Wright Institute First Responders Psychology Certificate Program

The Wright Institute's First Responder Psychology program is preparing psychologists to meet the needs of first responders serving our communities. The Program offers certification (pending WASC approval) for practicing psychologists, other licensed clinicians and a focus area of emphasis for matriculating doctoral students, and for non-matriculated students. The program also serves those who work with first responders such as physicians and nurses. This is a unique opportunity to participate in and influence the development of the burgeoning and exciting field of First Responder Psychology. Training in First Responder Psychology is aimed at bridging the gap between the community and public servants in areas such as community trauma, race relations and social justice.

This course series will be taught through a distance learning format. Students who complete the entire series of classes will receive a certificate of completion acknowledging advanced preparation for serving the psychological needs of the first responder community.

Wright Institute First Responder PsychologyThis sequence of courses and experiential training is one of the first programs of its kind in the United States to address this important and needed area of service. The First Responder Psychology emphasis area is open to Wright Institute and non-matriculating students and psychologists seeking preparation to serve as the first responder community. First Responder Psychologists work in a variety of settings such as large local, state and federal law enforcement and fire departments, private corporations or small group practices; and, this growing field needs bright, imaginative psychologists ready to tackle questions that will contribute to its body of literature. Teaching faculty are licensed psychologists who actively work with firefighters, EMTs, police officers, correctional officers, dispatchers, and their families.

Mission, Aims, and Objectives

The mission of the Wright Institute's First Responders Psychology Certificate Program is to prepare and inspire a diverse student body to provide culturally sensitive First Responder Psychology services that support resiliency, recovery, and social justice.

To learn more about the First Responders Psychology Program or to speak with an admissions counselor, please complete an information request form below.

The Curriculum

Wright Institute First Responder PsychologyThe comprehensive curriculum incorporates 10 foundational and 55 functional competencies within four domains essential to practicing clinicians who work with emergency responders and public safety organizations*. These four domains are anchored through a four-course curriculum: 1) Introduction 2) Assessment 3) Intervention 4) Operations & Consultation. Each course is a 3 credit hour, one trimester long and presents relevant knowledge, skills, attitudes needed to practice in this area and covers the legal, ethical, and cultural issues within various disciplines. A practicum course may be added at a future point to the curriculum.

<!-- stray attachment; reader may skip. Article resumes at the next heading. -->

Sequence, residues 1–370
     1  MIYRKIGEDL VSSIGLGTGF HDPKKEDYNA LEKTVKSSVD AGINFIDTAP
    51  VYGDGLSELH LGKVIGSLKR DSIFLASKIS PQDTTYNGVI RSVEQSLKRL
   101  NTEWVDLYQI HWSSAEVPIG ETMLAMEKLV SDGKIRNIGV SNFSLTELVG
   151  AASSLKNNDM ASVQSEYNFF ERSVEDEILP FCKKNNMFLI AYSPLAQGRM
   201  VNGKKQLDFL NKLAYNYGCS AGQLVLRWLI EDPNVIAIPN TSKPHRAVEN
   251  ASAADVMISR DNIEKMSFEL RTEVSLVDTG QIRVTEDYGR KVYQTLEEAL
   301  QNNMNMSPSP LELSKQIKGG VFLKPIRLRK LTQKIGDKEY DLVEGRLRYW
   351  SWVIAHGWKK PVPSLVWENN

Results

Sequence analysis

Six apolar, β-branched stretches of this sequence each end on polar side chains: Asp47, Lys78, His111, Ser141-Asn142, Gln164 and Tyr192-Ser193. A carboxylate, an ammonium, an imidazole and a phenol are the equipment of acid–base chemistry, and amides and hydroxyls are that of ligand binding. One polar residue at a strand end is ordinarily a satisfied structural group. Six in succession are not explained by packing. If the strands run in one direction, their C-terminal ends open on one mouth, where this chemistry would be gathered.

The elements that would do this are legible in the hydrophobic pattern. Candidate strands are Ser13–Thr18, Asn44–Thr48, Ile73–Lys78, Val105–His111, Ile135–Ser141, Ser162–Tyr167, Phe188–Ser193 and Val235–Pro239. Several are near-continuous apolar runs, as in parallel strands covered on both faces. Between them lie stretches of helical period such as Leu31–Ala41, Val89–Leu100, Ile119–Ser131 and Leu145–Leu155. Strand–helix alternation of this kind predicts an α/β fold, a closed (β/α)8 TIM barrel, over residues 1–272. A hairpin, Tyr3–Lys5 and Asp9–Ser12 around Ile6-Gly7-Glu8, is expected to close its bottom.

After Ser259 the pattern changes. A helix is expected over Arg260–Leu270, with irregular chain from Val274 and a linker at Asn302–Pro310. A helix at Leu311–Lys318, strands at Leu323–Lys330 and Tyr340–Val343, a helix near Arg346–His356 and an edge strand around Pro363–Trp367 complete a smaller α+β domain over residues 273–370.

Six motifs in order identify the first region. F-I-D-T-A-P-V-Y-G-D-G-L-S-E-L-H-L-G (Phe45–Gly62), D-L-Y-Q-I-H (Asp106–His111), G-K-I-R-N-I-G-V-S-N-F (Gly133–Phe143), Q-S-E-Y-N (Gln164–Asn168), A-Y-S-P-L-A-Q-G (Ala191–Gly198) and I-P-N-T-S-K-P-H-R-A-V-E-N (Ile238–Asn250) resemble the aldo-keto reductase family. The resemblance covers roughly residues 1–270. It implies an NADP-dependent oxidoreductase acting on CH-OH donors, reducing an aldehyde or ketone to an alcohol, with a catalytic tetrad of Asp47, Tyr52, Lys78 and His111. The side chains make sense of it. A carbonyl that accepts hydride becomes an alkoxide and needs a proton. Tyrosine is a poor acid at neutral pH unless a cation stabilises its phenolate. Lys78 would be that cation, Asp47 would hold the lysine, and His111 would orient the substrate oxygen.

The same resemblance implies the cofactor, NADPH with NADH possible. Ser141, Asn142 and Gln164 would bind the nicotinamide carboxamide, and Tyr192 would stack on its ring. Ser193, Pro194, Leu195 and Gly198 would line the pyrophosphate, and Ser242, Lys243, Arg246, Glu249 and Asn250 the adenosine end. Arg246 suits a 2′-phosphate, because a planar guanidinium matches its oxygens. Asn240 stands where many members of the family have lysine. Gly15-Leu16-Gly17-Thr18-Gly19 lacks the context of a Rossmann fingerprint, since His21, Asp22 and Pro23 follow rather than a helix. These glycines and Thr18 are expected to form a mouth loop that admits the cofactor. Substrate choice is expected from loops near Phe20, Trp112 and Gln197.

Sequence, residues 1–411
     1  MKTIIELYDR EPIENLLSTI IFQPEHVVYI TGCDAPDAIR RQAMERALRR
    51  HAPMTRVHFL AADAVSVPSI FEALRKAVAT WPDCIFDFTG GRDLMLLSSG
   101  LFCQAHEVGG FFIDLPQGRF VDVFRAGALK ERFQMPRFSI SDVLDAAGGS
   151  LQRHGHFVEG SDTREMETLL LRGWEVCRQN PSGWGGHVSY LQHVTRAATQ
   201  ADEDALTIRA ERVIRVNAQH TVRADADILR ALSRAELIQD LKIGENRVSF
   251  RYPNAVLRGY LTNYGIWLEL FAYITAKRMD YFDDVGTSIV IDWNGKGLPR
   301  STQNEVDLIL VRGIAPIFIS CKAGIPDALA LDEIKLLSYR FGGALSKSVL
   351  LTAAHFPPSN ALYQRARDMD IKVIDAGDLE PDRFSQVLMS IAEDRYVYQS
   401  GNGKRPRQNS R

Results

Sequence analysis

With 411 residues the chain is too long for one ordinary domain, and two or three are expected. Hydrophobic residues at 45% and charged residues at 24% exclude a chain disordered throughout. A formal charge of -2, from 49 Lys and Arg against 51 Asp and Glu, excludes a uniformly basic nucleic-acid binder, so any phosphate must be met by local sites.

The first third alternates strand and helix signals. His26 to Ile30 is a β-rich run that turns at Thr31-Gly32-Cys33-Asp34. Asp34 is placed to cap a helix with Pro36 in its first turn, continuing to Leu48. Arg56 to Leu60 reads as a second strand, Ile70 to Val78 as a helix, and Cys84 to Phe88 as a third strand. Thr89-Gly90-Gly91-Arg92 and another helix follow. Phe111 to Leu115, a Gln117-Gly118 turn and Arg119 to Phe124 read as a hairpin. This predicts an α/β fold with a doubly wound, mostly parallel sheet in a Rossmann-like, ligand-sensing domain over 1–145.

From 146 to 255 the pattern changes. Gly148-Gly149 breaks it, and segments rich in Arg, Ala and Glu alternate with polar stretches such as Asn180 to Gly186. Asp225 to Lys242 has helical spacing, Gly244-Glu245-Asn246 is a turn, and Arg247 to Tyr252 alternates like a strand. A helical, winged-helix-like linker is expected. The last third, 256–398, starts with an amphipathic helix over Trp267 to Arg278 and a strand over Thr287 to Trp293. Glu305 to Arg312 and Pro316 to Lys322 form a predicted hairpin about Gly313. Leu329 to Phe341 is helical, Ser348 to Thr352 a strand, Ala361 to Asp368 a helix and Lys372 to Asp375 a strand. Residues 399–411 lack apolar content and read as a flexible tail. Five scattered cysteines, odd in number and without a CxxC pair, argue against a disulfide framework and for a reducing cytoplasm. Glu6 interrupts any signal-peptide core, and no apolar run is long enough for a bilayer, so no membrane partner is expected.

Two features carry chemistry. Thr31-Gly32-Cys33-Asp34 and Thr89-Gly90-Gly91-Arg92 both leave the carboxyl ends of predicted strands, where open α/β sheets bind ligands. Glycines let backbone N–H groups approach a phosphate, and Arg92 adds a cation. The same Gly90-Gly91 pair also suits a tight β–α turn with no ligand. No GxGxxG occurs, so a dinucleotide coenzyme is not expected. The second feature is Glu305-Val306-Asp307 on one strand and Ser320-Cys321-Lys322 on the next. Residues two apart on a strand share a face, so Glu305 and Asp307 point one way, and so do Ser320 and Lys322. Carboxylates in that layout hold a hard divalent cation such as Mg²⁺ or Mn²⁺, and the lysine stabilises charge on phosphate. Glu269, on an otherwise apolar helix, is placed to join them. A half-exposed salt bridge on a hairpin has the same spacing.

*American Academy of Police & Public Safety, American Board of Professional Psychology, American Psychological Association Div. 18-2, Int’l Association of Chiefs of Police, Society for Police & Criminal Psychology

Introduction to First Responder Psychology

This course will offer students the chance to explore the field of police and public safety. The course is appropriate for practicing psychologists, as well as for other professionals working with first responders. Local and nationally recognized experts in each domain will be guest speakers. Students will gain knowledge of cultural competence when working with dispatchers, medics, fire, and rescue personnel and learn a model of diversity within this special population.

Introduction to First Responder PsychologyIn addition, this first course will provide students with capabilities in:

  • Describing the psychologist's role in the domains of Intervention, Assessment, Organizational Consultation and Operational Support and the need for psychologists to earn credibility with first responders.
  • Articulating the legal demands and ethical dilemmas unique to working with the first responder population and working as a First Responder Psychologist.
  • Discussing the diverse roles of first responders in the context of the diverse communities they serve.
  • Describing aspects of first responder culture which are different from civilian culture


First Responder Psychologists develop and implement Critical Incident Stress Management programs and interventions and evaluate Employee Assistance Programs. They provide individual, group, couple and family therapy, substance abuse treatment and counseling to cope with unique job stressors such as violent crimes, undercover assignments, and line of duty deaths. Responders also suffer from posttraumatic stress injuries and specific treatment modalities will be discussed. First Responder Psychologists teach peer support skills to teams within public safety departments.